March 30 2012
by Todd Hixon

An Insider Perspective On Carried Interest

Public dissection of Mitt Romney’s tax returns has put “carried interest” in the spotlight, but many people don’t know what carried interest is or why it’s there. A segment on the Marketplace radio program last week (link) brought this home for me. [IMHO, Marketplace is about the best business program on the radio.] I was troubled by Nancy Marshall Genzer’s piece that boiled down to 1) carried interest is a kind of consulting fee that private equity managers receive and 2) it should be highly taxed because rich private equity managers like Mitt Romney receive most of it. I will leave the question of tax policy alone: I’m not good at politics. But I’d like to correct the facts in this story

There were two bloopers. First Ms. Genzer used the song “The Little Old Lady From Pasadena in her report and attributed it to The Beach Boys. This got a lot of listener comments and an immediate correction, giving due credit to Jan and Dean.

Definitely Not A Consultant (Tim Draper, Well-Known Venture Capitalist). Photo via

The bigger error: carried interest is profoundly different from a consulting fee. I’m going to describe carried interest from the perspective of a venture investor, which is what I do. Venture capitalists have been using the carried interest concept since the modern VC industry arose in the 1960s. Private equity and hedge funds adopted the idea later.

Most venture investing occurs via a partnership, a legal vehicle through which people do business together and share the economics. If my brother and I run a lemonade stand and share everything equally, that’s a partnership. In a VC partnership, a group of investors (many of them are pension funds, endowments, etc.) come together and create a pool of capital (i.e., money). The capital is invested in about 25 start-up companies over 4-5 years. These investments take 5-10 years to pay off. The partners receive a share of the proceeds when the start-ups are sold or turn into publicly traded companies (called “liquidity events”). When all of the companies are gone, the partnership winds up.

Venture investors use a sophisticated form of partnership called a “limited partnership” in which there are two kinds of partners: limited partners and general partners. The limited partners provide most of the money, but they take no role in management and they can’t be sued for the debts of the partnership. The general partners (“GPs”) find the investors and organize the partnership, they put up the remaining 1%-10% of the capital, they manage the business (usually a full time job), and they can be sued. This makes sense: some partners want to be passive investors, and some want to be active managers.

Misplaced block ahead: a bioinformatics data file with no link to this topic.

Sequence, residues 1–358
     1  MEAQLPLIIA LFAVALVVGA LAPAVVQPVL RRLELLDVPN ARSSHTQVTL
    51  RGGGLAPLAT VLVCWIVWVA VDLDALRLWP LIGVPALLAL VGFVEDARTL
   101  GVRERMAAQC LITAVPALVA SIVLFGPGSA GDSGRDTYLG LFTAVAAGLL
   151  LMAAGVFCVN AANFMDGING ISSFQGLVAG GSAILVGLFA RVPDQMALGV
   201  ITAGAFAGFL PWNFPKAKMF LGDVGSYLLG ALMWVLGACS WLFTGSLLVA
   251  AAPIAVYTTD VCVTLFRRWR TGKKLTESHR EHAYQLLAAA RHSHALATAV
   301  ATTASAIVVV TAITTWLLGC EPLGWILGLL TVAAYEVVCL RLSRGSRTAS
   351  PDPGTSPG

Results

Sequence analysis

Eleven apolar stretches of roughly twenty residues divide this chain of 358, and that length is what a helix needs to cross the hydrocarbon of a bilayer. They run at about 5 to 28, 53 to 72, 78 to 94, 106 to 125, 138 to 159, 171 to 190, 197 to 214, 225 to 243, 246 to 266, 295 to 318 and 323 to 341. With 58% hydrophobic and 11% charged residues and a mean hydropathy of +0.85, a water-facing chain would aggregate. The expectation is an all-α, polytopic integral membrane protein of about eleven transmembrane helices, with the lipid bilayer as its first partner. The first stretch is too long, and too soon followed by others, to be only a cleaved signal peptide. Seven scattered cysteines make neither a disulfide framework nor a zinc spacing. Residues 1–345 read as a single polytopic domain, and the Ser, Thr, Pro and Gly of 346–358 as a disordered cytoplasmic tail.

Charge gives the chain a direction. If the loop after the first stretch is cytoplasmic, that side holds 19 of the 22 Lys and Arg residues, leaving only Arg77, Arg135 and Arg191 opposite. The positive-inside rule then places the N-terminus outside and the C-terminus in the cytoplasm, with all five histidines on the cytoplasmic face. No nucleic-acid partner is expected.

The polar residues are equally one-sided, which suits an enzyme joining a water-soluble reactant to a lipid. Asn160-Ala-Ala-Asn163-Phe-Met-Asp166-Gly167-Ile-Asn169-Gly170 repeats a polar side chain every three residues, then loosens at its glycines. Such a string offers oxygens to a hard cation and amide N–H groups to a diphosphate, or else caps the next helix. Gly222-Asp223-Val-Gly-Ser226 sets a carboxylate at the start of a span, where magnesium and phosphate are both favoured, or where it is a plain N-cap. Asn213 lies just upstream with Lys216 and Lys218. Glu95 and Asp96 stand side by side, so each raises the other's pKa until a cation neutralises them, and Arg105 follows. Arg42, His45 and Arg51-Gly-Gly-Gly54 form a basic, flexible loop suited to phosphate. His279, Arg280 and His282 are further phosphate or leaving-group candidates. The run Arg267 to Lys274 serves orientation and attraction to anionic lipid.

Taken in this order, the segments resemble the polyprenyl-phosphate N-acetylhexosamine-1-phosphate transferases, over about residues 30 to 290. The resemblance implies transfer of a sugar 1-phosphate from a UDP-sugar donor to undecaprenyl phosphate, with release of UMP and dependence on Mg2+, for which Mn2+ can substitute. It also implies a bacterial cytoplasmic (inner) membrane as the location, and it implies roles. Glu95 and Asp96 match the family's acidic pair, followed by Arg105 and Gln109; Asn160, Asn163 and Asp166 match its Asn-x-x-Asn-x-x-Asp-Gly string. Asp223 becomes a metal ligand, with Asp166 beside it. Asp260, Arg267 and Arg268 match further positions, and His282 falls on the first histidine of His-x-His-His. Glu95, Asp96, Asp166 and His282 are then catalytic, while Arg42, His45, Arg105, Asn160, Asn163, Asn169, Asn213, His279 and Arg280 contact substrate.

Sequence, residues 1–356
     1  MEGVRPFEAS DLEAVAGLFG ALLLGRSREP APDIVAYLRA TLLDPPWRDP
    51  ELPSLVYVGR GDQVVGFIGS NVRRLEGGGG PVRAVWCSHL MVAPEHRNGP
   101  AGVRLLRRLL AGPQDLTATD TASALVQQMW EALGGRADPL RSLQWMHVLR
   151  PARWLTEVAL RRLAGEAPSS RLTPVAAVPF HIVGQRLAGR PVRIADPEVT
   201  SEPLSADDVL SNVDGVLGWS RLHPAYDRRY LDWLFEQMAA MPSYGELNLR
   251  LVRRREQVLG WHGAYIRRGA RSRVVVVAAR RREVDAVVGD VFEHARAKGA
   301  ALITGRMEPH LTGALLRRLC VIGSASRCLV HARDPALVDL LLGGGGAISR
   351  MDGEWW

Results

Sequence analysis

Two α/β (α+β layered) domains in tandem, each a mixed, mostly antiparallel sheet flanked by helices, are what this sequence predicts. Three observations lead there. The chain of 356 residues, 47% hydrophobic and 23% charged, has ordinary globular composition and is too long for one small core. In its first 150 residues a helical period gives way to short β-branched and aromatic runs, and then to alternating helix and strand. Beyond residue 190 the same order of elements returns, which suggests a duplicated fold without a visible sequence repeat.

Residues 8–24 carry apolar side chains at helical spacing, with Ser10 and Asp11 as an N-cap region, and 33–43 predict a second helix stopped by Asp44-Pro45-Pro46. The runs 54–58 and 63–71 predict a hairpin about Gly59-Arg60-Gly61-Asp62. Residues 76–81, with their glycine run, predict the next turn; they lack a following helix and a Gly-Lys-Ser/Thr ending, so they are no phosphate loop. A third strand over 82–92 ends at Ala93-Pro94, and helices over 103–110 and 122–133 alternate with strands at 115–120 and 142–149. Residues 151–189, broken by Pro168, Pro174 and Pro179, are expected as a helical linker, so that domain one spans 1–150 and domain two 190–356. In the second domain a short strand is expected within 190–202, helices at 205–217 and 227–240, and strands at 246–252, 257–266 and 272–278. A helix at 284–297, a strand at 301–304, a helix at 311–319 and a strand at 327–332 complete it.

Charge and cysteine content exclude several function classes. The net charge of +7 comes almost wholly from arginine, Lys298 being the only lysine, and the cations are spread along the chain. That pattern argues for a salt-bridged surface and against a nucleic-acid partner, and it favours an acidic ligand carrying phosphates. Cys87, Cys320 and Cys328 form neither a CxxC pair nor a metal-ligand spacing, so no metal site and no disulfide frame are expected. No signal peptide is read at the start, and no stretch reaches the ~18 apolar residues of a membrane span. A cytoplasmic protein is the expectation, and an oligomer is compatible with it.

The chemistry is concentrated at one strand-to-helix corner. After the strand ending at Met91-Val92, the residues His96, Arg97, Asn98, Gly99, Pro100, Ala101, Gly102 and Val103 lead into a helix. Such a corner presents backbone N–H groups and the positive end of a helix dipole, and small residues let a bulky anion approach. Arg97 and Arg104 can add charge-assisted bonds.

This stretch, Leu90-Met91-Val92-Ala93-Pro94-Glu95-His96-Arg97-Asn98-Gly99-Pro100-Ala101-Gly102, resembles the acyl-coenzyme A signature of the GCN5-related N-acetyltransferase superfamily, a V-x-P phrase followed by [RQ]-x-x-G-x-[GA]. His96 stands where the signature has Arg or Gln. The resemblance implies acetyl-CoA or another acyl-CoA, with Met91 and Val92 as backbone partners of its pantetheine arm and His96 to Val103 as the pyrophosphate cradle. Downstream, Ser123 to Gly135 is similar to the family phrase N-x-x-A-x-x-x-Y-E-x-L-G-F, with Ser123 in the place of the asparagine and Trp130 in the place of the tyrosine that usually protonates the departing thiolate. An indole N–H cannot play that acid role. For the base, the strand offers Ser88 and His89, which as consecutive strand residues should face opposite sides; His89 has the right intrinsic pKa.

For managing the partnership and taking risk, the General Partners receive compensation: a quarterly “management fee” and a profit share that is larger than the share of the capital they contribute. This extra share of profits is the “carried interest”, a name only a lawyer could love. The management fee is paid quarterly; it covers operating expenses and provides the GPs a salary that is usually about 1/3 of what the GPs hope to receive. The carried interest is paid when companies become liquid, only after the limited partners have been paid back all of their investment.

Here is my point. Consultants have a very different deal (I know because I was one for a long time). They get paid for their time, immediately, and they take little risk: their fee is not linked to business success.

Carried interest is a profit share: it is 100% at-risk depending on performance, and it is paid only when companies are sold or go public, which typically occurs 5-10 years from the start of the partnership. If the GPs take profit from early successes and then later failures erode profitability, they have to pay money back when the partnership winds up [this is called “claw back”, if only it worked this way on Wall Street …]. And carried interest is a share of each kind of profit: it can be long-term gain, dividends, short-term gain, or interest (the last two are taxed the same way as wage income). However, since VC partnerships mostly make long-term equity investments, most of their profit is long-term capital gain.

What do general partners do to earn their carried interest? It’s an intensely entrepreneurial business. They invest about $1 million of personal money and work for a year to organize a partnership. Then they put millions more into the partnership’s capital and work for 4-5 years to find talented entrepreneurs with promising ideas and close investments with them. They work alongside the entrepreneurs as partners (investors, board members, and mentors) for 5-10 years to help their companies become successful. Many VC funds are never profitable and only 25% are strong performers. If and when all this works out the GPs get paid carried interest.

Those are the facts. My goal here is to lay out what carried interest is, how it works, and the business logic behind it. Now, let the politicking begin.

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